Why Be Happy When You Could Be Normal? is a memoir about a life’s work to find happiness. It is a book full of stories: about a girl locked out of her home, sitting on the doorstep all night; about a religious zealot disguised as a mother who has two sets of false teeth and a revolver in the dresser, waiting for Armageddon; about growing up in a north England industrial town now changed beyond recognition; about the universe as a cosmic dustbin. It is the story of how a painful past, which Winterson thought she had written over and repainted, rose to haunt her later in life, sending her on a journey into madness and out again, in search of her biological mother. It is also a book about other people’s literature, one that shows how fiction and poetry can form a string of guiding lights, a life raft that supports us when we are sinking.
Witty, acute, fierce, and celebratory, Why Be Happy When You Could Be Normal? is a tough-minded search for belonging—for love, identity, home, and a mother.
World history has been made by countless lesbian, gay, bisexual, transgender, and queer individuals—and you’ve never heard of many of them.
Queer author and activist Sarah Prager delves deep into the lives of 23 people who fought, created, and loved on their own terms. From high-profile figures like Abraham Lincoln and Eleanor Roosevelt to the trailblazing gender-ambiguous Queen of Sweden and a bisexual blues singer who didn’t make it into your history books, these astonishing true stories uncover a rich queer heritage that encompasses every culture, in every era.
By turns hilarious and inspiring, the beautifully illustrated Queer, There, and Everywhere is for anyone who wants the real story of the queer rights movement.
This past December, a 4,000-word short story took the internet by storm when it was published in The New Yorker. The story is titled Cat Person, and details the trials of twenty-year-old college student Margot as she meets and briefly dates thirty-four-year-old Robert.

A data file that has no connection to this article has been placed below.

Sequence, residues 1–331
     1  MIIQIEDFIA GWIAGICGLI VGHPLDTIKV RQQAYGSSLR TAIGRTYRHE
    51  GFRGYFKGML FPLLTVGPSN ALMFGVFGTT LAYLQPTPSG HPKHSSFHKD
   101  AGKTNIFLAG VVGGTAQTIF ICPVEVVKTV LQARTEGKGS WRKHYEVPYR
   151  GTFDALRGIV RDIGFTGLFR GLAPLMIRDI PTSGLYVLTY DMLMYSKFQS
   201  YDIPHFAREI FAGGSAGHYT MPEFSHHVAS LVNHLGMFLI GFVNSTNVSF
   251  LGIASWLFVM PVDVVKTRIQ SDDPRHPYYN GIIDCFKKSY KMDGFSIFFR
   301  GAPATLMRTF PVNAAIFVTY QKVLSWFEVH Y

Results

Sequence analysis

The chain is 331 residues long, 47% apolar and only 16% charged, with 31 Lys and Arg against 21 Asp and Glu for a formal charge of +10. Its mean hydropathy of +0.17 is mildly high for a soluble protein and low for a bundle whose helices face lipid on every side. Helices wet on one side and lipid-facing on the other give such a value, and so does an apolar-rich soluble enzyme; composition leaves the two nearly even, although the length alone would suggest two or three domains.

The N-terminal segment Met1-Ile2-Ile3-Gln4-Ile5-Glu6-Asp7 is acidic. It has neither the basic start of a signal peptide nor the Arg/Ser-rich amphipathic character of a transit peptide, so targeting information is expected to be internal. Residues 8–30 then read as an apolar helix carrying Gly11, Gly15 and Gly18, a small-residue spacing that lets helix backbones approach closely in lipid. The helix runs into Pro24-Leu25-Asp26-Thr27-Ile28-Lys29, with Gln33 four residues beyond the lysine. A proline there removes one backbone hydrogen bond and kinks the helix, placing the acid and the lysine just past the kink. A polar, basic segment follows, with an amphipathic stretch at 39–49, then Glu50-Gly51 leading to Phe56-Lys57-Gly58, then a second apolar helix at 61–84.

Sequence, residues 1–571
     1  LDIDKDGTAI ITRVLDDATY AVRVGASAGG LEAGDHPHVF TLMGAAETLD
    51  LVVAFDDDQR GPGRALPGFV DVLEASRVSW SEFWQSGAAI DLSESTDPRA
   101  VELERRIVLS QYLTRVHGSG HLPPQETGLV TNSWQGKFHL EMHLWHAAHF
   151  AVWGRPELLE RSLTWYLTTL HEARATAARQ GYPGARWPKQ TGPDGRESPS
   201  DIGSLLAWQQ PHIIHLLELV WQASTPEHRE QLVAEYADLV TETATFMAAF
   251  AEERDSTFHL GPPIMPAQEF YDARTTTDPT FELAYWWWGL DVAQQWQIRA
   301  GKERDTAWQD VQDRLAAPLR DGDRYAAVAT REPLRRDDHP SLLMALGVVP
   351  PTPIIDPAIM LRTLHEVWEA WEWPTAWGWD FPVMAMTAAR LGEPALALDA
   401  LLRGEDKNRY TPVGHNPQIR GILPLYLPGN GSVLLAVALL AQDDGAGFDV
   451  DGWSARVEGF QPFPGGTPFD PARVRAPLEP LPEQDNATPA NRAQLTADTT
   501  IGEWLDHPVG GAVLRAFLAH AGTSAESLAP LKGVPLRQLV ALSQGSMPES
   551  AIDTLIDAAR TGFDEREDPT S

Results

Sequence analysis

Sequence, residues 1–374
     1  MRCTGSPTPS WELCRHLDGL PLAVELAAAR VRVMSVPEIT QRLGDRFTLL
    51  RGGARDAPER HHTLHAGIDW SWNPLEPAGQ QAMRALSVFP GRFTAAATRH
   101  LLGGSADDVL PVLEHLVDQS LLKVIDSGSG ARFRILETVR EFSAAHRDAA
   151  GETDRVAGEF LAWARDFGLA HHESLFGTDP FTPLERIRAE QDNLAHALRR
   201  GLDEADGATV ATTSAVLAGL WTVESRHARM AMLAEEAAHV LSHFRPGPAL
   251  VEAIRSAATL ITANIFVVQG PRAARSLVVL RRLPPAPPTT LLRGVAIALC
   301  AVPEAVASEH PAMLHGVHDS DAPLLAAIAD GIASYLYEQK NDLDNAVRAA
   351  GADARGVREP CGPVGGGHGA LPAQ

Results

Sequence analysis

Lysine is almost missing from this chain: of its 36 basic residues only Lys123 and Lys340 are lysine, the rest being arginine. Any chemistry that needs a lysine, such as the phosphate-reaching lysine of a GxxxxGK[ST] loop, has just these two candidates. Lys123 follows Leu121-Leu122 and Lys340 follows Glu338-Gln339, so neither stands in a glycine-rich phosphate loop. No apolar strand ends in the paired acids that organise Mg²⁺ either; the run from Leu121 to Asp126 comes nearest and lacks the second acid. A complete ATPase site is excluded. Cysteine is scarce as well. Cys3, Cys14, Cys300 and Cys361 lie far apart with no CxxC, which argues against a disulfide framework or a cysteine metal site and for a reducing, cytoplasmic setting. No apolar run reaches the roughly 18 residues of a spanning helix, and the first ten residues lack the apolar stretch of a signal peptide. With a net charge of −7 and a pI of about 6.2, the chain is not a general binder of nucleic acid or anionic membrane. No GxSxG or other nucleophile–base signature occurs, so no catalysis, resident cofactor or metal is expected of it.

The all-too-realistic piece of fiction showcases Margot throughout the many quick-changing stages of a blooming, new relationship: the excitement, the giddiness, the butterflies of a growing new crush, the fantasies about everything this relationship could possibly grow into, all the way through unto the grounding realization that this person is not at all who you’d hoped they were.
*** SPOILERS AHEAD***
The rose colored glasses always begin to fade, and, when they do, Margot realizes Robert is not someone she wants to see. And, by the time everything’s progressed to their first (and only) sexual encounter, Margot’s already realized that she’s not at all attracted to this stranger of a man. She feels repulsion towards him, but doesn’t know how to stop, seeing as sex has already been initiated and they are well in the midst of it all. Margot allows her mind to drift off so she can “just get it over with” while Robert does what he wants until he’s finished:
…she felt like a doll again, as she had outside the 7-Eleven, though not a precious one now—a doll made of rubber, flexible and resilient, a prop for the movie that was playing in his head.
She ends their relationship shortly after, telling Robert she’s not interested and asking him to stop texting her. The story ends months down the line when Robert gets drunk at Margot’s go-to bar, then spends the remainder of night verbally harassing her via text messages, starting with:
“Hi Margot, I saw you out at the bar tonight. I know you said not to text you but I just wanted to say you looked really pretty. I hope you’re doing well!”
“I know I shouldnt say this but I really miss you”
And quickly escalating to and ending with: